Payson is getting in touch with it’s Scottish side this weekend.
For 33 years, Payson has hosted an annual Scottish Festival, where the community can experience authentic Scottish cuisines, traditional merchant vendors, athletic games, musical performances and traditional Scottish dance performances.
And of course, they have bagpipes. Lots of bagpipes.
This year the festival will be held at the Payson Memorial Park, 250 South Main St., on July 7 and 8. There is no admittance fee. Click here for an event map.
Although vendors are already open and the bandstand is in full swing Friday evening, the festival’s opening ceremonies begin at noon on Saturday along with a parade and clan march. Gordan DeWaal, the festival chieftain for 2016–17, will lead the opening ceremonies.
“It’s a family atmosphere and another way to celebrate heritage,” DeWaal says. The food, entertainment and athletic competitions are among DeWaal’s favorite festival events.
The opening ceremonies include a performance of the Scottish national anthem, “Flower of Scotland,” a presentation of the Scottish colors and performances from the bands.
The honoring of Scottish heritage evokes an emotional response from some. “It’s really touching,” said Shauna Phelps, secretary for the Payson Scottish Festival board.
Musical performances from Pennyland, the Heather Broch Dancers, storyteller Helen Bemis and the Celtic Country Dancers will also grace the stage at the Payson Scottish Festival.
The pipe and band competitions and Highland dance competitions will also occur throughout the festival, and attendees are welcome to come and watch the bands and dancers perform.
This year the Payson Scottish Festival will have over 30 merchant vendors and 12 food vendors, some of which serve authentic Scottish cuisine. The merchant vendor line up includes Lavendoola Lavender Farm, Let It Be Written and Damsel in this Dress.
Each year, hopeful vendors join the waiting list because of the festival’s popularity, Phelps said.
They call children’s activities the “Highland Games: Featherweight Division.” Activities occur Saturday and consist of mini-athletic events, games, face painting, storytelling, sword dancing and painted silhouettes.
Children 12 and younger are invited to compete in the children’s Highland Games. Children athletes can try their hand at the weight toss, sheaf toss, caber toss and sword duels.
The sword duels draw the biggest crowd and have a full line all day, said Mark Sears, member of the Payson Scottish Festival board over children’s activities.
“The swords we use are padded so the kids don’t have to hold back.” Sears said in an email. “This year, I’m most excited for the addition of real metal knight helmets to these duels. This will provide protection for my cranium, and afford an added measure of authenticity to the games!”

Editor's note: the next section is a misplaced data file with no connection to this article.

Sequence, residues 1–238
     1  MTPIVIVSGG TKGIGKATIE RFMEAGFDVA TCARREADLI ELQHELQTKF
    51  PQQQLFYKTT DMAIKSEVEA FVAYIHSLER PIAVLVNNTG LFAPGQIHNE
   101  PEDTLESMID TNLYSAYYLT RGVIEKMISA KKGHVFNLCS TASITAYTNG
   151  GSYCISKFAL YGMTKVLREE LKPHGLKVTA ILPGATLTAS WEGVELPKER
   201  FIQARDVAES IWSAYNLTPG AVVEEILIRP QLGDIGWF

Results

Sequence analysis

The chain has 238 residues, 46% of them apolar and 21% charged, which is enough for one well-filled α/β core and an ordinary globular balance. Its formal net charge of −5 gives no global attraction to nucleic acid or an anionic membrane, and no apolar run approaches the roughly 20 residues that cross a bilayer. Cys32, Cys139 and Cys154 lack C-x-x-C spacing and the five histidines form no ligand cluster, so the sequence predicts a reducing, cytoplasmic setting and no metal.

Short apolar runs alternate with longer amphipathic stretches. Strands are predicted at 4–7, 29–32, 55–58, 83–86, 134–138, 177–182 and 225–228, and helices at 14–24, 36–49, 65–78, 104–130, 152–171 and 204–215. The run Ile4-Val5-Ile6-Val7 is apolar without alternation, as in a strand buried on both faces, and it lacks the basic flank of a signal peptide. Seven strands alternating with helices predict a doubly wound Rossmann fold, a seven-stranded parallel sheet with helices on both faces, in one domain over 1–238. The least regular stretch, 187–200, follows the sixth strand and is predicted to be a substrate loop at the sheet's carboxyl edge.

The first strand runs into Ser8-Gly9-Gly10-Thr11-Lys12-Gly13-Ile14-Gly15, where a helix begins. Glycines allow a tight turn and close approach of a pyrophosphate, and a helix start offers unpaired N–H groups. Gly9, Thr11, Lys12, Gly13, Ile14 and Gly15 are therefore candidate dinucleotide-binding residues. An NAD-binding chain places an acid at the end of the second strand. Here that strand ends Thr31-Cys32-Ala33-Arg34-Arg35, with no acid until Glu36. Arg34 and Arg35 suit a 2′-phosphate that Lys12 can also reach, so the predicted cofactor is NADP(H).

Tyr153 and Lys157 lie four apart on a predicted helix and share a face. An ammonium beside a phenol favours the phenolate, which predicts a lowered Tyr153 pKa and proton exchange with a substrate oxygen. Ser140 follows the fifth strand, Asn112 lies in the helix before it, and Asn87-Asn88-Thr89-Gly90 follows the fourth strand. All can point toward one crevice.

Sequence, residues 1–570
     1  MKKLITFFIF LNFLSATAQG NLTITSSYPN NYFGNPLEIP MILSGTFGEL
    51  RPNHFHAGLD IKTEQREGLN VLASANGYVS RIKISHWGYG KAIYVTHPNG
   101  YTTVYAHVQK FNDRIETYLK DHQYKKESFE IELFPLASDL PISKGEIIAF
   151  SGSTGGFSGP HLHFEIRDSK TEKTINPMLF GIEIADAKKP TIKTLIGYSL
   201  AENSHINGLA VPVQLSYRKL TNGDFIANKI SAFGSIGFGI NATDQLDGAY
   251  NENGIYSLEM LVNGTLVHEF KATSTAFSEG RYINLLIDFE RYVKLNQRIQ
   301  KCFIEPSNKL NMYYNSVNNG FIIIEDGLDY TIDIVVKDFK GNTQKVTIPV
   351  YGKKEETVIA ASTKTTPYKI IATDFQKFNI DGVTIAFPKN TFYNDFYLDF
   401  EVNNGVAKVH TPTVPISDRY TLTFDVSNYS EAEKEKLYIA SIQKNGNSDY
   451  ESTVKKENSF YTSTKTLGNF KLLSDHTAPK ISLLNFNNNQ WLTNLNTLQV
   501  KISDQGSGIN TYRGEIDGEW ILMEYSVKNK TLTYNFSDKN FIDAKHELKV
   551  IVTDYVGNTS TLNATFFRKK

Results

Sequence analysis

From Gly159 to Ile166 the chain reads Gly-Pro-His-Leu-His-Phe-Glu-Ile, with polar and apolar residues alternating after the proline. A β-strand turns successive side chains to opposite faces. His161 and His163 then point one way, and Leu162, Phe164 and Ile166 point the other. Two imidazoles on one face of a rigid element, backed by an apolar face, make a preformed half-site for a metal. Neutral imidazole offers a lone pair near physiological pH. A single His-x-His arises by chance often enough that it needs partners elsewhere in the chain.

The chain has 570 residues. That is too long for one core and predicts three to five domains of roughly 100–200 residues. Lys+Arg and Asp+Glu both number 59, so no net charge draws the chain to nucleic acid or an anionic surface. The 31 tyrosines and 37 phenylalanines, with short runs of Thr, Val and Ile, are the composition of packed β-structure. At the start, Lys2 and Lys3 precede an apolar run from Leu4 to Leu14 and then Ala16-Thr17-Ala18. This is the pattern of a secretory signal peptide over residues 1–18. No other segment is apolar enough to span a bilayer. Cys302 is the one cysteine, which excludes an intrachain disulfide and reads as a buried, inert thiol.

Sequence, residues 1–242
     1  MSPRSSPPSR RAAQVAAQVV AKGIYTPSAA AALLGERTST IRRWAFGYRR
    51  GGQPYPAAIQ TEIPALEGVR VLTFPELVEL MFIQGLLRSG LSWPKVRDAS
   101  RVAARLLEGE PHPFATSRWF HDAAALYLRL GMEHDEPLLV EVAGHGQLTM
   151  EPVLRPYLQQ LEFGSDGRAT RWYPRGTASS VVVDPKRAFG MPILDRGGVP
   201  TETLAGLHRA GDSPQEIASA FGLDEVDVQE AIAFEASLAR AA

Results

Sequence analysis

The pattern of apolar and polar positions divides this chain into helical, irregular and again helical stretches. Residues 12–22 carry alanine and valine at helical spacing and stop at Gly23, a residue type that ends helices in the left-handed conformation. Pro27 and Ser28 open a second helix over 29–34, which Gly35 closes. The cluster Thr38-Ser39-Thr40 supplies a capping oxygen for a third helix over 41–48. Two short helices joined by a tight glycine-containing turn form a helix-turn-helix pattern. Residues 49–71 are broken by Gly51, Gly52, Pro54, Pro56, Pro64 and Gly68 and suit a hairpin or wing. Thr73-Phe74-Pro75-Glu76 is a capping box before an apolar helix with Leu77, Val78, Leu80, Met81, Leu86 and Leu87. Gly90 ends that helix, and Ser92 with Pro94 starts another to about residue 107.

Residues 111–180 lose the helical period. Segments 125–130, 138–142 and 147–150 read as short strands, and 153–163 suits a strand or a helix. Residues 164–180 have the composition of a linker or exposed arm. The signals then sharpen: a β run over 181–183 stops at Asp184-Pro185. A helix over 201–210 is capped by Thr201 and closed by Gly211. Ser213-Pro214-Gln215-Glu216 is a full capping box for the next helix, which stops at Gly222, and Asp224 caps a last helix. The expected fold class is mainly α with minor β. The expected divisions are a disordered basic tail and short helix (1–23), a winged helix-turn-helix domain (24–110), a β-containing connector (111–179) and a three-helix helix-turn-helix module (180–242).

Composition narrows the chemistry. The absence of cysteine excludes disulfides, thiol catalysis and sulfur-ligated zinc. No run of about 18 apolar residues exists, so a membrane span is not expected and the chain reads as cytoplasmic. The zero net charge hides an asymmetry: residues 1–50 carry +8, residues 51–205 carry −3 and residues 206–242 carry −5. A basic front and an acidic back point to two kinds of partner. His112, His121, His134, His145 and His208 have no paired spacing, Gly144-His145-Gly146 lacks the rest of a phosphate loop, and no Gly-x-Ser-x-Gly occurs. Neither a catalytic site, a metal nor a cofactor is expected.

The event organizers have tried to create a good family activity for the community. Unlike some other festivals, there is no admittance fee for attendees, which makes it a great opportunity for families on a budget to enjoy an authentic experience.
Athletes can flex their muscles in the in the strongman competitions Friday evening. Among the four challenges that make up the strongman competitions is the throwing of the “manhood stones,” which is a tradition Celtic and Nordic event. Payson has two similar stones that weigh 250-270 pounds, each with a strap for carrying. To compete in the manhood stone event, athletes must carry one stone in each hand and walk a certain distance.
The Highland game competitions take place all day Saturday. Men and women athletes can compete in the lightweight, masters or regular divisions of the athletic events. Events include a caber toss, stone put, weight throw for distance, weight throw for height, sheaf toss and hammer toss. Weights are adjusted depending on division.
The Utah Caber Championship, which draws the biggest crowd, happens on Saturday at 4 p.m. The caber toss is modeled after the Highland event of vertically flipping a log over. Competitors at the Payson Scottish Festival will flip a large pole.
Athletes travel from outside of Utah and outside the United States to compete in the Utah Caber Championship. “That’s when the biggest and best come to showcase what they are doing,” said Joel Sim, member of the Payson Scottish Festival board over athletics.
Athletes can register online before the event to compete in the athletic competitions.
The Payson Scottish Festival hosts a clan tent where attendees can learn about the different Scottish clans and research their own heritage if they belong to a clan themselves. The clan tent also welcomes those without Scottish heritage to learn more about Scottish history.
A wee bit of history
The Payson Scottish Festival began in 1984 and has been adapted each year to better fit the needs of the community.
“We have a really awesome board,” said Shauna Phelps, secretary on the Payson Scottish Festival Board. Everyone on the board knows traditional Scottish culture, so they have tried to create an authentic experience for Payson, Phelps said. The board is a volunteer commitment.